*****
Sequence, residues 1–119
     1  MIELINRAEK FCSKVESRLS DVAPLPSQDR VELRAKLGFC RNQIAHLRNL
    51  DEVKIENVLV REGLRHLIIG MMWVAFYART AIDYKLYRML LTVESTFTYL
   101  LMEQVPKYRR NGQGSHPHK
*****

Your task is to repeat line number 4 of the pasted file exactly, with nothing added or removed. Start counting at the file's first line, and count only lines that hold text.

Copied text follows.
   101  LMEQVPKYRR NGQGSHPHK